Because estate planning can be an uncomfortable and challenging process, it is often tempting to put off writing a will. In fact, according to a recent survey, almost 70% of Americans have not yet drafted even a simple one. Still, if you die without a will, your possessions may not end up where you would like them to be.
While writing a will is a major step, certain events may make the document no longer reflect your true wishes. In three situations, it is advisable to review your will for completeness and accuracy.
1. Your family has changed
Pennsylvanians marry, divorce and remarry all the time. They also welcome biological or adopted children into their families. If your family has grown, you should be certain your will provides for everyone who is important to you. Likewise, if someone has left your family, you may want to remove him or her from your will.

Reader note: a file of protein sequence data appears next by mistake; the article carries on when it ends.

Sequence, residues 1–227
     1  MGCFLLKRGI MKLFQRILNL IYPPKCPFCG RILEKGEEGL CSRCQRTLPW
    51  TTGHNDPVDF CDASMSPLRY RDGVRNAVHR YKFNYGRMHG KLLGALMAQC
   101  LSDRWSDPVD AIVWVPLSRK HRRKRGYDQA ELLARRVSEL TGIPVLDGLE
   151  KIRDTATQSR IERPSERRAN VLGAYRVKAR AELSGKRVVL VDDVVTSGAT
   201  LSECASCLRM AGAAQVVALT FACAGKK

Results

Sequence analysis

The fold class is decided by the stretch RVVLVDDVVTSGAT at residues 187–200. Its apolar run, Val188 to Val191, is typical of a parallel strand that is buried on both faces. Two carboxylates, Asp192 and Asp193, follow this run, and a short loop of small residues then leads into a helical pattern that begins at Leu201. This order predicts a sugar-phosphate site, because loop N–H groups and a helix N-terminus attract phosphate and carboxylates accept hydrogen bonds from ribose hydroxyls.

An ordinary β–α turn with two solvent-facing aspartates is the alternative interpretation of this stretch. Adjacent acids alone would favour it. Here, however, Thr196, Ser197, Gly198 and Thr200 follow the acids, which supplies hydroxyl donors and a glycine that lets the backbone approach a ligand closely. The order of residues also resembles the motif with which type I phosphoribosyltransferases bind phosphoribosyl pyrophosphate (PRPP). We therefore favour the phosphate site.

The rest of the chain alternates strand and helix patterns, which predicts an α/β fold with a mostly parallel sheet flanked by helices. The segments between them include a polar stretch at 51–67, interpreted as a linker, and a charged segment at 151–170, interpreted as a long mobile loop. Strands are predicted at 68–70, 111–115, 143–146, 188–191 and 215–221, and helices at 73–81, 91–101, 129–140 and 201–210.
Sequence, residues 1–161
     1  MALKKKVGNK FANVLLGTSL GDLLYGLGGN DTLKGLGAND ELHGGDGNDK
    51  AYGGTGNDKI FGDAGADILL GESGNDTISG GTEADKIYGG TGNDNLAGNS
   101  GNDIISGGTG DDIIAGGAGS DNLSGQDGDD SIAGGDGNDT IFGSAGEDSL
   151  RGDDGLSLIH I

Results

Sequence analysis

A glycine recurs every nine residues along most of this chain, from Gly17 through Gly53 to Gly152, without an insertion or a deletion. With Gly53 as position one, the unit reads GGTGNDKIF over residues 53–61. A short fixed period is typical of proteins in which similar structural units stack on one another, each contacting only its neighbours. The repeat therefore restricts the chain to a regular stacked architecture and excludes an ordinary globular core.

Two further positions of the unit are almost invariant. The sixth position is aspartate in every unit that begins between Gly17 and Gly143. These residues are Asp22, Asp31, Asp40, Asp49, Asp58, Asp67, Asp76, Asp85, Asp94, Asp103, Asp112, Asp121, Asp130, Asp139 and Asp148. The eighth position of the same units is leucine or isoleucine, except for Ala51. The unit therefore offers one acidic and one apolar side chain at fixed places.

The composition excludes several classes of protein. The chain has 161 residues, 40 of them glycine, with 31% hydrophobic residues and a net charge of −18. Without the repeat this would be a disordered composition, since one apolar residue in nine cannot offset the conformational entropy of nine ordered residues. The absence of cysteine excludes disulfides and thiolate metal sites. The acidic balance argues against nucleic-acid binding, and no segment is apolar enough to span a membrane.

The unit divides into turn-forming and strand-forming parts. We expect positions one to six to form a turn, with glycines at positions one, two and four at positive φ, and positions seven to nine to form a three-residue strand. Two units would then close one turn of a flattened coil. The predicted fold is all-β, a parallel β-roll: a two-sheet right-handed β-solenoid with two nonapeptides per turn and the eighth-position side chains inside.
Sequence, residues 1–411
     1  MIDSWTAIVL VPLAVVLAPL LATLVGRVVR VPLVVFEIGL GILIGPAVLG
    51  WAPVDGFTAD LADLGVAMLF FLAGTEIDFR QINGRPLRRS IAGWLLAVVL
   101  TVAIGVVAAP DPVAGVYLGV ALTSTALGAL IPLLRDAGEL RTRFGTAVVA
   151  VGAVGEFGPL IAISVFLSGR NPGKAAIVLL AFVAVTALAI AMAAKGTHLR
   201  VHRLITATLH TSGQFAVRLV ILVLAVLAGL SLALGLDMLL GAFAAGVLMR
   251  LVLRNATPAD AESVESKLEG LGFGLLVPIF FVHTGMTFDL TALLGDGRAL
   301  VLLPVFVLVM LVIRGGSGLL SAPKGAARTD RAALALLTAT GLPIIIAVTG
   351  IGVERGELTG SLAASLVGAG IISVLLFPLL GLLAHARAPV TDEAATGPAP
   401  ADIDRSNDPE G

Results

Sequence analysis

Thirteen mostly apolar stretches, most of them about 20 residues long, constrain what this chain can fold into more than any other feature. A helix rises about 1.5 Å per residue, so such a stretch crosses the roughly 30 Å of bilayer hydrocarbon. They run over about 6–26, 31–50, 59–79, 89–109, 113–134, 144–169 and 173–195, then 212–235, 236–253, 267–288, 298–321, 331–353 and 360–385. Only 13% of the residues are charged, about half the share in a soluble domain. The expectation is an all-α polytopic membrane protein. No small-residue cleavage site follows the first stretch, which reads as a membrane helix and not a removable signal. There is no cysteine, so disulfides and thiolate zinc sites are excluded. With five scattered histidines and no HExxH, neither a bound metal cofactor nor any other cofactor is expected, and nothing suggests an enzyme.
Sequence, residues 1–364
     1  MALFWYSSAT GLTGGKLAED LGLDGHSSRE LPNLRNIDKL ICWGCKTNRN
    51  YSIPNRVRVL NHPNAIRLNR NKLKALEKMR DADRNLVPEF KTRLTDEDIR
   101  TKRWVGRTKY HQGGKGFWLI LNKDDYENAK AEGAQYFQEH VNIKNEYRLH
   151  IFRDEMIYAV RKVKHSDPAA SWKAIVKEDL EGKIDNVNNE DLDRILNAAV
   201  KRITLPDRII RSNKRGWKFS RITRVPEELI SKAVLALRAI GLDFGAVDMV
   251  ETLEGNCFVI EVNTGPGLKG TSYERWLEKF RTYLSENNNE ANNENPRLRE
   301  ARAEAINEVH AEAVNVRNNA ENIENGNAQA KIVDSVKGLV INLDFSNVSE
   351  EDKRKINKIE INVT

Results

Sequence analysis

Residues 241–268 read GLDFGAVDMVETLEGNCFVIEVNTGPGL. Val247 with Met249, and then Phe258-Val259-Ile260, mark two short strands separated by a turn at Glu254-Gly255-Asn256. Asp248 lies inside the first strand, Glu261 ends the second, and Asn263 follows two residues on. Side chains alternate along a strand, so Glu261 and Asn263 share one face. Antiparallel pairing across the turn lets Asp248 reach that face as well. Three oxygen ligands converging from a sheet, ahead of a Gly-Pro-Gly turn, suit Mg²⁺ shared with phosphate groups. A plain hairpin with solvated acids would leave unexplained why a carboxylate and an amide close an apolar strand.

2. Your finances have changed
When you initially wrote your will, you likely accounted for all your assets. If you now have additional ones, your will may require some updating. On the other hand, if you no longer have the assets you included in your will, you may need to rework the entire document.
3. Your thinking has changed
For a variety of reasons, you may have different opinions now than you did when you wrote the last draft of your will. Until you update the document, the terms of your outdated will probably remain legally binding.
Ultimately, you want your will to be as accurate as possible when you die. Even if you have no identifiable reason to review your will, you should do so every few years to be certain you remember what it says.